State and perspectives of submerged sites in Japan

Kenzo Hayashida, Jun Kimura, Randall Sasaki

    Research output: Chapter in Book/Report/Conference proceedingChapterpeer-review

    4 Citations (Scopus)


    The Japanese people have long been interested in ancient relics found in the sea, lakes, and rivers. Documents from the eighteenth and nineteenth centuries recorded the discoveries of lithic tools from Lake Biwa and from the Seto Inland Sea (Ishihara, Considering Methods for the Protection of Archaeological Sites, pp. 5–6, 2000; Shiga Prefectural Association for Cultural Heritage, World of Underwater Archaeology at Lake Biwa, 13, 2010). Awareness of submerged prehistoric relics led to the discoveries of numerous important underwater sites. This, for example, includes the early discovery of a Paleolithic site in the bed of Lake Nojiri in Nagano Prefecture (Nakamura and Nojiri-ko Excavation Research Group, The Quaternary Research 28(4): pp. 257–268, 1989). A few submerged prehistoric sites, most of them dating to the Jomon Period (16,000–3,300 years ago), have been identified through rescue excavations. These sites, however, have not been studied within a thematic framework, particularly as submerged sites. The following illustrates the state of submerged prehistoric site research in Japan, beginning with a history of research on submerged sites. Following this is a brief overview of Japanese environmental history and use of marine resources, as well as a discussion of underwater site formation processes. Finally, the importance of submerged sites pertaining to Japanese archaeology is addressed.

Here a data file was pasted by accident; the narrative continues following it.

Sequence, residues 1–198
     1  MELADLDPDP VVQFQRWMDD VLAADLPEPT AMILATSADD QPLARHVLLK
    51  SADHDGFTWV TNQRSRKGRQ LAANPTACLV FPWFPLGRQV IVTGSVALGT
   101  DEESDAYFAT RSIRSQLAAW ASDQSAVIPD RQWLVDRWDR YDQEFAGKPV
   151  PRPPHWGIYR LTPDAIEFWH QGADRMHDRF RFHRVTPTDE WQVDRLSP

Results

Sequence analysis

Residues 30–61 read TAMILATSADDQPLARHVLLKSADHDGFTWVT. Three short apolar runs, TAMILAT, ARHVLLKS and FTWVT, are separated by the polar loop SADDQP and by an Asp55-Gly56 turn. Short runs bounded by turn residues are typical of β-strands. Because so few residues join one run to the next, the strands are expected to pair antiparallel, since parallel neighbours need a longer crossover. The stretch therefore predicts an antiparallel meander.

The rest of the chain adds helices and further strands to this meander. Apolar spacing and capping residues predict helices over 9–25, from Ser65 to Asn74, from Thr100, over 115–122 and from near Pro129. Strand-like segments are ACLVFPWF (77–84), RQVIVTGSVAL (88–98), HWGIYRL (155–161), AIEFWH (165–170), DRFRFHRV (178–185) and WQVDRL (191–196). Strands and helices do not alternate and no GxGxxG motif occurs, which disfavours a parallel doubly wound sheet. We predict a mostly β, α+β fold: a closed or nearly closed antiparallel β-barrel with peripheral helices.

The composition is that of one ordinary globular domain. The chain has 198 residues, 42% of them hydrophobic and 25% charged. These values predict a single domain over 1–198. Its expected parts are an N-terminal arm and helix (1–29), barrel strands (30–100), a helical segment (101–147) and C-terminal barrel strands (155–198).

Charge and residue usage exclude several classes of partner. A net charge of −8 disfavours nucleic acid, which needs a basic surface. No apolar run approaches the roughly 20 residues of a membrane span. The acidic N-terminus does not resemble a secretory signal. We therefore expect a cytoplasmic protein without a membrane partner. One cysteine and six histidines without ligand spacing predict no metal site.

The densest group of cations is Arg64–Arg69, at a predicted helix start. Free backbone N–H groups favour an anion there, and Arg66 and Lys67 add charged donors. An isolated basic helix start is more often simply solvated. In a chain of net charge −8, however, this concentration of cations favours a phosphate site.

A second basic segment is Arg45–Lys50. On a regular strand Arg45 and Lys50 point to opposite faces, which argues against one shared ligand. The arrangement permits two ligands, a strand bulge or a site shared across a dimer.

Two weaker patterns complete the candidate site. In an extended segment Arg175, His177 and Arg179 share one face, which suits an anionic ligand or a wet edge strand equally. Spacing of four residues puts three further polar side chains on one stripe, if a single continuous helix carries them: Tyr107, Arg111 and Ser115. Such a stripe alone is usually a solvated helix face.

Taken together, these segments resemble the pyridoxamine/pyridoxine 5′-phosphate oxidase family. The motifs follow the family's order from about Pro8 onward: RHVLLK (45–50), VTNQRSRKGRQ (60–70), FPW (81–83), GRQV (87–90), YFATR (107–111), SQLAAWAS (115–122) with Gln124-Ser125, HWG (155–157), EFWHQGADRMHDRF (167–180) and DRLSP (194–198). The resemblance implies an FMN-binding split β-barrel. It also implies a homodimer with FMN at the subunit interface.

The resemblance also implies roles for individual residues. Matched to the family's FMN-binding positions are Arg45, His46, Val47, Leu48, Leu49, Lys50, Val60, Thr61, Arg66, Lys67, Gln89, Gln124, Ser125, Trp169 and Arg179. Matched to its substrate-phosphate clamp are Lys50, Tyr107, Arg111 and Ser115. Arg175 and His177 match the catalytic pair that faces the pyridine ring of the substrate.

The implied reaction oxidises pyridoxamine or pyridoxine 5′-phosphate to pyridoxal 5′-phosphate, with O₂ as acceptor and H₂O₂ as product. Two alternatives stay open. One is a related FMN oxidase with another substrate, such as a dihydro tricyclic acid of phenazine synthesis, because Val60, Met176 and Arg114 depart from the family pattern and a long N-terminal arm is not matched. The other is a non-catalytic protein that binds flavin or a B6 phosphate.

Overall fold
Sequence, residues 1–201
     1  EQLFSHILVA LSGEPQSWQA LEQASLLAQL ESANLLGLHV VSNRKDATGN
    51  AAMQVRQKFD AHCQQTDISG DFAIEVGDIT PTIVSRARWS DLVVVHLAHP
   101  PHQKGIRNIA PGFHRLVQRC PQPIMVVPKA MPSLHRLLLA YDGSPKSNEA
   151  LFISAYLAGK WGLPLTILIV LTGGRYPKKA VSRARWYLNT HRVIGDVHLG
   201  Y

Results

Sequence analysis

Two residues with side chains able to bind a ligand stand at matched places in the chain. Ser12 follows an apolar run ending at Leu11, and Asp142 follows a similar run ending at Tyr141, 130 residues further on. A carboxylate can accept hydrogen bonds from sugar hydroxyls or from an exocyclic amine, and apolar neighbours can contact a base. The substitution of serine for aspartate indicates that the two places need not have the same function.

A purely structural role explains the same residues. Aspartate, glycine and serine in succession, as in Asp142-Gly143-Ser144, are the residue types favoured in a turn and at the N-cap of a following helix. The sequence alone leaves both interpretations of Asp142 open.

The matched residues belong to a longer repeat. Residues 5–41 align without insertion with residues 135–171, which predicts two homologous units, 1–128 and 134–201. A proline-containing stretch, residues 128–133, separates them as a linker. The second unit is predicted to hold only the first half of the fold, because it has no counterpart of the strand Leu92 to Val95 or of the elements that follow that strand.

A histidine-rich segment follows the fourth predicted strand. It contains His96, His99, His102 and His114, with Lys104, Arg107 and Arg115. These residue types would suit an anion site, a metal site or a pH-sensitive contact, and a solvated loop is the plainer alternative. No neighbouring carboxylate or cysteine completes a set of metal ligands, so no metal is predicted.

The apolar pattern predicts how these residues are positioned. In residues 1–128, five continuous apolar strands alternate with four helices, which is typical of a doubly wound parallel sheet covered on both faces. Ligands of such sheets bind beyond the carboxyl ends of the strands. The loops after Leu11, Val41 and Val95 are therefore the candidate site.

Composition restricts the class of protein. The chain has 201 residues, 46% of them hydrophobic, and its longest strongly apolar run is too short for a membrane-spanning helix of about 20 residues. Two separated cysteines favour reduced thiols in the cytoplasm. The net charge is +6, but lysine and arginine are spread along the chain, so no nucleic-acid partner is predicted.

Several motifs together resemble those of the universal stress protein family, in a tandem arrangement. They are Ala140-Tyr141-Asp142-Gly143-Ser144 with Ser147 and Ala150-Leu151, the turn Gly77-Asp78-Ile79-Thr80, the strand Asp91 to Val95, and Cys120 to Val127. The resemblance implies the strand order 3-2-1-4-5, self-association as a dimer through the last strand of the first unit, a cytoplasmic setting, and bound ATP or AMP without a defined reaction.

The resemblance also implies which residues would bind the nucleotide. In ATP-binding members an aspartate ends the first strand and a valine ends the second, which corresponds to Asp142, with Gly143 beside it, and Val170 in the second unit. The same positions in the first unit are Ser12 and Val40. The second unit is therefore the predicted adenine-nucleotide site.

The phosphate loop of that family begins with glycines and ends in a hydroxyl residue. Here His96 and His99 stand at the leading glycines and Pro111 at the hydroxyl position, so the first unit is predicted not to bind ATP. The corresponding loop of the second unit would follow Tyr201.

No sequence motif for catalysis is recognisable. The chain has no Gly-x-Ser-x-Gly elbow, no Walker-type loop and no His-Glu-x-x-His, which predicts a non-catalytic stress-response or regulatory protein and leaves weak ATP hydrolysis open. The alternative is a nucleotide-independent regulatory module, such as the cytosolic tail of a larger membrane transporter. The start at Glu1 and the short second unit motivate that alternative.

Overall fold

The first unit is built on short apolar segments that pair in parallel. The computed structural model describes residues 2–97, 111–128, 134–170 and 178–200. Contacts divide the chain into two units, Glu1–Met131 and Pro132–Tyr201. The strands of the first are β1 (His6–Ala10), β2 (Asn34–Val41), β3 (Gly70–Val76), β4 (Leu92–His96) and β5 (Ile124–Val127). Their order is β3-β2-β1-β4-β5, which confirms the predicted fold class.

Original languageEnglish
    Title of host publicationPrehistoric Archaeology on the Continental Shelf
    Subtitle of host publicationA Global Review
    Number of pages16
    ISBN (Electronic)9781461496359
    ISBN (Print)9781461496342
    Publication statusPublished - 1 Jan 2014


    • Archaeology
    • Asia
    • Continental shelf
    • Japan
    • Pacific
    • Sea level change
    • Shell midden
    • Underwater archaeology


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